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5 mg oral THC may be too much for a starter dose for some people, but may be average for many, and some may need 10 mg. But heavy users need far, far more: TOLERANCE DEVELOPS!!! Money down the drain. Use only as much as you need or you will develop tolerance and require more frequent and higher and higher doses to reach same effect. That can be unaffordable for the average middle class person. 

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And yes, it may appear in urine for 30 to 60 days, possibly more.

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Cannabis is still a schedule I drug. The Emperor has no clothes. Do not take it onto planes or attempt to mail it.

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Do read more about it on my cannabis website linked above. It is a drug. You will benefit from learning how to use it.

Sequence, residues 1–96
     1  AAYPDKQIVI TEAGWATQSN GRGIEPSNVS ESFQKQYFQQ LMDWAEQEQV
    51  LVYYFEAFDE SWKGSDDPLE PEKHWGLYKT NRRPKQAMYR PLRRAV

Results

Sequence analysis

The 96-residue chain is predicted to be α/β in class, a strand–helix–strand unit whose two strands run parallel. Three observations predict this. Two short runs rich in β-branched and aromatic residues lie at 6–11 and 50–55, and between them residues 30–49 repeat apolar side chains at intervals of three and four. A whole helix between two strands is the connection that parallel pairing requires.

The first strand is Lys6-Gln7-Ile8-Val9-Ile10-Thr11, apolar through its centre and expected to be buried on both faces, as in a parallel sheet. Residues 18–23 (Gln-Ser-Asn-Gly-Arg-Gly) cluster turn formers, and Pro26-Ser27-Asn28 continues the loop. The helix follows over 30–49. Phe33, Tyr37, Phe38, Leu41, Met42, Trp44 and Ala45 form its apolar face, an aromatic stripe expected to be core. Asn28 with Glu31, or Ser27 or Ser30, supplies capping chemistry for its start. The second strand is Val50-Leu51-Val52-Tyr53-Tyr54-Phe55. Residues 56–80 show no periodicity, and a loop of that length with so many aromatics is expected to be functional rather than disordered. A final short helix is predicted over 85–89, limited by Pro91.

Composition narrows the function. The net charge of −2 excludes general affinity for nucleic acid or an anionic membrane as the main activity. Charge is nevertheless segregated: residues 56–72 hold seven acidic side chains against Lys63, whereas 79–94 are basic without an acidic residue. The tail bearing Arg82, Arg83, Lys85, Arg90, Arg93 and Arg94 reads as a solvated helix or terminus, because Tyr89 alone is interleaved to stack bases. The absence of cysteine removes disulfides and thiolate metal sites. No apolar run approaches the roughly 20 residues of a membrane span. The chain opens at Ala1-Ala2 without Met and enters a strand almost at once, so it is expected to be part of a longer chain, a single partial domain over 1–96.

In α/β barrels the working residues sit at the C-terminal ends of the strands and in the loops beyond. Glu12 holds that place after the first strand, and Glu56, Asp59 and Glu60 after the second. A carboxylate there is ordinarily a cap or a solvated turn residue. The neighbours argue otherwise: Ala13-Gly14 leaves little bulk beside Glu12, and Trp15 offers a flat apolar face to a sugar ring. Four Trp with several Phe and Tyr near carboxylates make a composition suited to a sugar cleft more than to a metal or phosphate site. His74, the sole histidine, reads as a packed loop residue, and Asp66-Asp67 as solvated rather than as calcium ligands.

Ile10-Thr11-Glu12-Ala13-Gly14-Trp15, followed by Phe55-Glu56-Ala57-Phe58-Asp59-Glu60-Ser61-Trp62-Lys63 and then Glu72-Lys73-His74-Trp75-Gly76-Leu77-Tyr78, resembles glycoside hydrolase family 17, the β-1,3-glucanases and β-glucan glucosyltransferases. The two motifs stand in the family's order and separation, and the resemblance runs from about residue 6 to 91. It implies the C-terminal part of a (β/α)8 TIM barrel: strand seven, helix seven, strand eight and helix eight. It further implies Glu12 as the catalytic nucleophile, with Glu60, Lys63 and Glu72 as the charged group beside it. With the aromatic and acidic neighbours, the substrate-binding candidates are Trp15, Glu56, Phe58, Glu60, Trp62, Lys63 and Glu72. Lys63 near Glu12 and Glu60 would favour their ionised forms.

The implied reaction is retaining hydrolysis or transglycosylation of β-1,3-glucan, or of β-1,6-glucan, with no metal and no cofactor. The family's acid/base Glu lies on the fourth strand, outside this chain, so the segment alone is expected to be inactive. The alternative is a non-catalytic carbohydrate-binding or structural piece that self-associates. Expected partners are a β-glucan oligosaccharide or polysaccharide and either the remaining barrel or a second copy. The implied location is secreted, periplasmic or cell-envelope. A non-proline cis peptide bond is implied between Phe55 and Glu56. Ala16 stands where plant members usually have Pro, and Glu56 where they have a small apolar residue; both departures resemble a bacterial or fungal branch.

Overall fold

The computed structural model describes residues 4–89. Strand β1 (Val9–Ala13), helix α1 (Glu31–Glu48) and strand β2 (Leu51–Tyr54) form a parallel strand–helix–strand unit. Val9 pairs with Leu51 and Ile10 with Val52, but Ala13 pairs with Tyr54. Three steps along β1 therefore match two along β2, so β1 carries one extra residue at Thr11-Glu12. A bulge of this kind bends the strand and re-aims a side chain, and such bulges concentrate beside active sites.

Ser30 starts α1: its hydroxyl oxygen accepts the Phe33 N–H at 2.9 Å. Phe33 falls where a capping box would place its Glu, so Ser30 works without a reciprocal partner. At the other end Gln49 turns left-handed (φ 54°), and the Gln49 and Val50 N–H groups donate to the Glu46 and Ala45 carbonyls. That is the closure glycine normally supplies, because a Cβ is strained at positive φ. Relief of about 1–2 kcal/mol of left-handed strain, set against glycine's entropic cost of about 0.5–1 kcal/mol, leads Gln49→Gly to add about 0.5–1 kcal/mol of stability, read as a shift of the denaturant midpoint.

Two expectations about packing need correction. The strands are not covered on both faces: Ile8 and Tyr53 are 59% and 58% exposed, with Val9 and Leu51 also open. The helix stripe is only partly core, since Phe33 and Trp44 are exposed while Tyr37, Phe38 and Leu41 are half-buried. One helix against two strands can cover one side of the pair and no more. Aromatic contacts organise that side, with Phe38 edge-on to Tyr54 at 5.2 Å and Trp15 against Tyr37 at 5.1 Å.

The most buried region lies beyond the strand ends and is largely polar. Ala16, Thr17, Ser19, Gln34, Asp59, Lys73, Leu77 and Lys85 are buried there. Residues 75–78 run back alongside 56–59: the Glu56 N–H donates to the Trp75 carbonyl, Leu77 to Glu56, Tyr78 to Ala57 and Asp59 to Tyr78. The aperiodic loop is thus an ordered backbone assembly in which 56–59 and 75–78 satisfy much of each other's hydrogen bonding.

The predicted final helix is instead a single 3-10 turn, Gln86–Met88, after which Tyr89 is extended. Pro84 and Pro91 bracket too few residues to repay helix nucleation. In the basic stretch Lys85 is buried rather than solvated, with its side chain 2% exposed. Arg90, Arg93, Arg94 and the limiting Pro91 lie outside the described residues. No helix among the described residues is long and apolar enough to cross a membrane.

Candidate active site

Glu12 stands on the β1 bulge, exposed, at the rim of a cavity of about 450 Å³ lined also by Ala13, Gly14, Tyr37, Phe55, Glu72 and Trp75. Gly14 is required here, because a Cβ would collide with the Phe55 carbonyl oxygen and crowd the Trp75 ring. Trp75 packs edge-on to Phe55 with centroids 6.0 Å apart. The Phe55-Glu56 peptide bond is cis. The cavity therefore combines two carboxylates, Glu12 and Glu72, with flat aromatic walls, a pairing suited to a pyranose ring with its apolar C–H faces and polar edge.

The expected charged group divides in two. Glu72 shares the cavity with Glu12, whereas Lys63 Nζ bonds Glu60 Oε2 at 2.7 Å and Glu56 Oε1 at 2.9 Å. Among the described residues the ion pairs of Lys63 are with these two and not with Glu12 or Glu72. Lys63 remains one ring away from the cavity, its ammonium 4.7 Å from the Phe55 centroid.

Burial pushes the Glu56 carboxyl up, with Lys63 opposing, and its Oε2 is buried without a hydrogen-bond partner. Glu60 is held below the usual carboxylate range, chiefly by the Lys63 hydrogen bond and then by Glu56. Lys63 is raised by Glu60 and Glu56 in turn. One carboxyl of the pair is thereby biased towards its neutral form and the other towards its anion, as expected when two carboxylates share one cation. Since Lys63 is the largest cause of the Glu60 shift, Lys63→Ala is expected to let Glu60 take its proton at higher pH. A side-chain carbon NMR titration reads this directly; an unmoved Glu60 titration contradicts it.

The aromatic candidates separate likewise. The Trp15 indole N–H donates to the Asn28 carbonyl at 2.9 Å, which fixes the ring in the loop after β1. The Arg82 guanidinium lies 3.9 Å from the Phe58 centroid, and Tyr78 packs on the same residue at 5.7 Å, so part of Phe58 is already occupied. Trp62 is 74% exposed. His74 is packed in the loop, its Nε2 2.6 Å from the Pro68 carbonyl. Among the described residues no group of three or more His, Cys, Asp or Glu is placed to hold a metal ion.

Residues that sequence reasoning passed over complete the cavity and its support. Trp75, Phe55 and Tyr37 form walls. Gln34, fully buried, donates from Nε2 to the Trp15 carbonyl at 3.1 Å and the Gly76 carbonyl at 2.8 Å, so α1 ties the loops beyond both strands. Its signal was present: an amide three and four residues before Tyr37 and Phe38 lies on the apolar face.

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The material on this site is for informational purposes only.

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It is not legal for me to provide medical advice without an examination.

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It is not a substitute for medical advice, diagnosis or treatment provided by a qualified health care provider.

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Comments are welcome.

This site is not for email, not for medical questions, and not for appointments.

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For My Home Page, click here:  Welcome to my Weblog on Pain Management!

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Please IGNORE THE ADS BELOW. They are not from me.

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Do You Have Depression? Are you the one who runs into snow wearing shorts?